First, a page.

Refraction: when light ray changes its direction in a new medium depending on the incident angle and the changes in speed. n1sinθ1 = n2sinθ2
A ray of light changes direction when it passes from one medium to another. The angle of incidence (towards the surface, the incidence ray) and angle of refraction (of the refracted ray) are measured relative to a perpendicular to the surface at the point where the light ray crosses it. This perpendicular line is called the normal line – if light enters a medium with a higher density, it bends towards the normal line.
In the image below, the angle of incidence and the angle of refraction are respectively θ1 and θ2.
The change in the direction of the light ray depends on how the speed of light changes, which is related to the indices of refraction of the mediums. In mediums that have a greater index of refraction, the speed of light is less. Here n1 and n2 are the indices of refraction for medium 1 and 2.
n = c/v,
where v is the speed of light in the material, c is the speed of light in vacuum
For a ray at a given incident angle, a large change in speed causes a large change in direction, and thus a large change in refraction angle. This is expressed in Snell’s Law:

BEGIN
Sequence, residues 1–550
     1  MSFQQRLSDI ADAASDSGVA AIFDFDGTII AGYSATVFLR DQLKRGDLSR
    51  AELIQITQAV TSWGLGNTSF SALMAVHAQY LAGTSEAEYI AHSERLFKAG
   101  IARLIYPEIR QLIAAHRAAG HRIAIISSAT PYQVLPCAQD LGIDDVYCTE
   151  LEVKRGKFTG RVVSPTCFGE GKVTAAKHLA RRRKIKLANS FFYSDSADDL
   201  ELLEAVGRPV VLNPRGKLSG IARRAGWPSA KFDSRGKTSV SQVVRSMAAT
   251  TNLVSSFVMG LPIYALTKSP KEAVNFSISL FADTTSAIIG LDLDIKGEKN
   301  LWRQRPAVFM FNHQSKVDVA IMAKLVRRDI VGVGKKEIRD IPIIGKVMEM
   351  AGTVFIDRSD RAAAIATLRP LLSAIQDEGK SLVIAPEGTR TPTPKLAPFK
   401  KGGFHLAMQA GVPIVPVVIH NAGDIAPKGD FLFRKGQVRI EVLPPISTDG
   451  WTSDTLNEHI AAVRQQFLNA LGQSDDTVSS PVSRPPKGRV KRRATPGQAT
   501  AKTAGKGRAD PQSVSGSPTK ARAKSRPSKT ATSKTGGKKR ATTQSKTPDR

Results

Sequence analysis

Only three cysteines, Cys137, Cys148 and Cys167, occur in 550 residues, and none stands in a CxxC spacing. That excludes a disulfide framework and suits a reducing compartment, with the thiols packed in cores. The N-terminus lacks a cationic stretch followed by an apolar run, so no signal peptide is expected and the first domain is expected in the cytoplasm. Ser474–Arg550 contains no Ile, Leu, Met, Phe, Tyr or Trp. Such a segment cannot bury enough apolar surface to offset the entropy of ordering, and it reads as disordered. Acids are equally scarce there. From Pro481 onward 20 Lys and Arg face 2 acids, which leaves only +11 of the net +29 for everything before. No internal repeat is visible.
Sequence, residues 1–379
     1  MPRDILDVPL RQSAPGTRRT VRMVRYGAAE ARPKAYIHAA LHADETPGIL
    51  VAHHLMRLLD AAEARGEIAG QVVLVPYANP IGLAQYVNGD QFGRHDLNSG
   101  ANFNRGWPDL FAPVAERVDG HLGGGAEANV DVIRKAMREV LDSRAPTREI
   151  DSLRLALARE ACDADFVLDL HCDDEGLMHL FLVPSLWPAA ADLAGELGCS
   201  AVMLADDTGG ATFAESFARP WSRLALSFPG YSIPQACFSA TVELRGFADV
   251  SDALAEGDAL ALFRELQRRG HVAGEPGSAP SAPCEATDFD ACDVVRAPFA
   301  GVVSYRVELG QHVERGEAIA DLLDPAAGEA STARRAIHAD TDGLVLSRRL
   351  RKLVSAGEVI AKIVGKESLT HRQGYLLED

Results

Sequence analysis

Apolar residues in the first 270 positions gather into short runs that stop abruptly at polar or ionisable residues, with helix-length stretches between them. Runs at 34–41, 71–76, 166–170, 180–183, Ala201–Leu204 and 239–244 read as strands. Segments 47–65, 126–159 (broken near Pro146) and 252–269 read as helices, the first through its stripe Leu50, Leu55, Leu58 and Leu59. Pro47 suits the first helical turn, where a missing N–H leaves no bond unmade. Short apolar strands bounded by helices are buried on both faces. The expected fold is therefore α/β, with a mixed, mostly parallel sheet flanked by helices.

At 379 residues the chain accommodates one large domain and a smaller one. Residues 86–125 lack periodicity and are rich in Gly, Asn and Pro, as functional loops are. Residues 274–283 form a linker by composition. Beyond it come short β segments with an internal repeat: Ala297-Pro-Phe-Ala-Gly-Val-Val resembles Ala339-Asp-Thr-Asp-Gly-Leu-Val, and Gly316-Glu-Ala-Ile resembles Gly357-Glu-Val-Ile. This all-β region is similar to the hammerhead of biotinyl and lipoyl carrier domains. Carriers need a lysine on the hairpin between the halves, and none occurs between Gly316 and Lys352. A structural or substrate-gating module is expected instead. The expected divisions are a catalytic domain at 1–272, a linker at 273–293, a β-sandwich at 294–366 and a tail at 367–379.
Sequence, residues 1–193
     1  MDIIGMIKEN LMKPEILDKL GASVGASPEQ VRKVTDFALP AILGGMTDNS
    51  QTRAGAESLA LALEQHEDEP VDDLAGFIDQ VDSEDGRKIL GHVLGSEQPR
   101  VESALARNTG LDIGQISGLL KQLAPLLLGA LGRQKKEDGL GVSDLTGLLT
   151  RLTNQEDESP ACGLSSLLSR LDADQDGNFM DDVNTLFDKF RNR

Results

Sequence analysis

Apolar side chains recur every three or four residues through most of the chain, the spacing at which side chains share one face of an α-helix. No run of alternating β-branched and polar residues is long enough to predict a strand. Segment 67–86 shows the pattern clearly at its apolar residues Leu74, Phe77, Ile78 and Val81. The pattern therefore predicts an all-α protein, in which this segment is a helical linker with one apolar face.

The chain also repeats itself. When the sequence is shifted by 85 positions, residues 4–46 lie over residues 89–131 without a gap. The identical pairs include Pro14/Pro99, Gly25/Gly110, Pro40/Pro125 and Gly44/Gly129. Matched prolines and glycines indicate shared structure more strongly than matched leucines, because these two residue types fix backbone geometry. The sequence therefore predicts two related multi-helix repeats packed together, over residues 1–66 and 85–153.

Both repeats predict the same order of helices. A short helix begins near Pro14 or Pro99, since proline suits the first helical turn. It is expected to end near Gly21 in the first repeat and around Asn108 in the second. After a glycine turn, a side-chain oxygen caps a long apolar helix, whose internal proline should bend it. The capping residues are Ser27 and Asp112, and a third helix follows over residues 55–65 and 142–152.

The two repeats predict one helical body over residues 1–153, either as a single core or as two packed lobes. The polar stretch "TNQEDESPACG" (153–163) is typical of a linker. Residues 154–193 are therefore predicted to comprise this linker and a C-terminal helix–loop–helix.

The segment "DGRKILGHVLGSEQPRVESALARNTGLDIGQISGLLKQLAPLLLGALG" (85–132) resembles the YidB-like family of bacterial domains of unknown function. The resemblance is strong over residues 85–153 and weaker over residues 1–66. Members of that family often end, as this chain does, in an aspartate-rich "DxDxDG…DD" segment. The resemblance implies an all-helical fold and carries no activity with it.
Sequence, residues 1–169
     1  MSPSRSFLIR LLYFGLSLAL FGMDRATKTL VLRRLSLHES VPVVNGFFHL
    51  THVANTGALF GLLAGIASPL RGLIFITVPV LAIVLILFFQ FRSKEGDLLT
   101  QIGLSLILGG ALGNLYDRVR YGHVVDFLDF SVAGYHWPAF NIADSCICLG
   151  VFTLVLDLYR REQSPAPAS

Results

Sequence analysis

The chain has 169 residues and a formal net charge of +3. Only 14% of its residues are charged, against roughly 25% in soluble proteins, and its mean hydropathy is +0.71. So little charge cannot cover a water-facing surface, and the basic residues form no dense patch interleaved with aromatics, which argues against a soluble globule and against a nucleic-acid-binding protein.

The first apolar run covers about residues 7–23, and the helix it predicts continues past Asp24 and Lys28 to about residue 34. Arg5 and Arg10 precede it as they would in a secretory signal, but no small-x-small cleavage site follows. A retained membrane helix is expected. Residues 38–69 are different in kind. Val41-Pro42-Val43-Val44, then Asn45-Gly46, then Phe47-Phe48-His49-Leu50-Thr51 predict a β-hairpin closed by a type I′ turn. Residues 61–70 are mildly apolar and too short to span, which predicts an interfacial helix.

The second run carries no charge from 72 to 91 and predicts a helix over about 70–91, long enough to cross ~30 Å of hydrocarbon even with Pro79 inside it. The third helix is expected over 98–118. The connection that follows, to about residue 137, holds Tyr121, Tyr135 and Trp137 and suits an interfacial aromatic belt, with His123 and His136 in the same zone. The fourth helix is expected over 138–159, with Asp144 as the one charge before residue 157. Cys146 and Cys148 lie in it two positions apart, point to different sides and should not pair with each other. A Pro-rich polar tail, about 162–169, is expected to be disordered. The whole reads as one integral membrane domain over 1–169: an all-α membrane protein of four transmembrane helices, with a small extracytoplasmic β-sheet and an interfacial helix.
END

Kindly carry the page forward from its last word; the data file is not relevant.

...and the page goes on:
n1sinθ1 = n2sinθ2
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• The change of a light ray’s direction (loosely called bending) when it passes through variations in matter is called refraction.
• The index of refraction is n=c/v, where v is the speed of light in the material, c is the speed of light in vacuum, and n is the index of refraction.
• Snell’s law of refraction: n1sinθ1=n2sinθ2.
Incidence ray: light ray towards the surface between 2 mediums
Refraction ray: light ray outgoing from surface between 2 mediums
Normal line: perpendicular line where two surfaces meet
Index of refraction: for a material, the ratio of the speed of light in vacuum to that in the material